Authorities in India are likely to choose against a sweeping cryptocurrency ban and treat them as commodities, a report citing a government official has claimed.
Citing a senior government official involved in the ongoing regulatory discussion surrounding cryptocurrencies, Quartz is reporting that India is unlikely to enforce a blanket ban on cryptocurrencies despite the newly-enforced central bank mandate that prohibits banks from providing services to the burgeoning sector.
As reported previously, the Reserve Bank of India (RBI) issued a circular in April to bar all regulated financial institutions in the country from allowing their customers to purchase cryptocurrencies through their bank accounts and stopping services to cryptocurrency businesses altogether. The central bank’s policy, which went into effect on July 5th, came despite the establishment of an inter-governmental committee comprising of multiple government ministries and domestic banks tasked to propose a regulatory framework for the sector in 2017.
Contrary to the usual regional media narrative, the official has revealed that the notion of a blanket crypto ban hasn’t been considered. “I don’t think anyone is really thinking of banning it (cryptocurrencies) altogether,” the senior government official with knowledge of the panel’s discussions told Quartz.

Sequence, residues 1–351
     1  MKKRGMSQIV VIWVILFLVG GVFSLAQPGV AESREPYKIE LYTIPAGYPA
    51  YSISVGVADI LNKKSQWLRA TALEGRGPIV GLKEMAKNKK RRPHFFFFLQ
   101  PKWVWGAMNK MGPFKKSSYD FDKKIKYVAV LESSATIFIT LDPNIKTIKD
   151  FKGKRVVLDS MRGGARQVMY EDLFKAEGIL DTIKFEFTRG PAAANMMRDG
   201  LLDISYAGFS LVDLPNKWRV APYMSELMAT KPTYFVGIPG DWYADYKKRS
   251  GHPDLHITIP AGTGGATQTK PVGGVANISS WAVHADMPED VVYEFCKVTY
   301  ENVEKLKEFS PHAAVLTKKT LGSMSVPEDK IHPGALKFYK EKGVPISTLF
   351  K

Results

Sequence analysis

Instead, the panel’s concerns are more inclined with regulating cryptocurrency trading to keep a track of the money trail.
Drawing a direct parallel to traditional trading markets, the official stated:
“Trade is not a criminal offence. Most of us trade in various asset classes in the stock market. So how is this [cryptocurrency trading] any different? What has to be in place is a mechanism to be sure that the money used is not illegal money, and to track its source is the most important thing.”
Last month, the head of the same government panel and secretary of the department of economic affairs confirmed the panel had made headway in drafting a regulatory framework and is currently in an advanced stage with guidelines expected to be published in July.
“Allowing it as (a) commodity may let us better regulate trade and so that is being looked at,” the anonymous official confirmed on Wednesday’s report, soothing fears among domestic cryptocurrency adopters and the wider industry.